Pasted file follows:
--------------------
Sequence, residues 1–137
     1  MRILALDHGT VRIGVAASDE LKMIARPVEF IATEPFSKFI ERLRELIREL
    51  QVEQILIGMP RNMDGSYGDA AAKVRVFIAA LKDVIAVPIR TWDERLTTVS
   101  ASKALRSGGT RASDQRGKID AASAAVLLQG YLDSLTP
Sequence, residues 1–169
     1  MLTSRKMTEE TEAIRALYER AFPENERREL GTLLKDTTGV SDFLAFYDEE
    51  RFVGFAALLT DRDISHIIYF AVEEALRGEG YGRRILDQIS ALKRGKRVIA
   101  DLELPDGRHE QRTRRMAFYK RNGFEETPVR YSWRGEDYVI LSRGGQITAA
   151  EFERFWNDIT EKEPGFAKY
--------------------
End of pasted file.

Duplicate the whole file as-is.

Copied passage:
Sequence, residues 1–137
     1  MRILALDHGT VRIGVAASDE LKMIARPVEF IATEPFSKFI ERLRELIREL
    51  QVEQILIGMP RNMDGSYGDA AAKVRVFIAA LKDVIAVPIR TWDERLTTVS
   101  ASKALRSGGT RASDQRGKID AASAAVLLQG YLDSLTP
Sequence, residues 1–169
     1  MLTSRKMTEE TEAIRALYER AFPENERREL GTLLKDTTGV SDFLAFYDEE
    51  RFVGFAALLT DRDISHIIYF AVEEALRGEG YGRRILDQIS ALKRGKRVIA
   101  DLELPDGRHE QRTRRMAFYK RNGFEETPVR YSWRGEDYVI LSRGGQITAA
   151  EFERFWNDIT EKEPGFAKY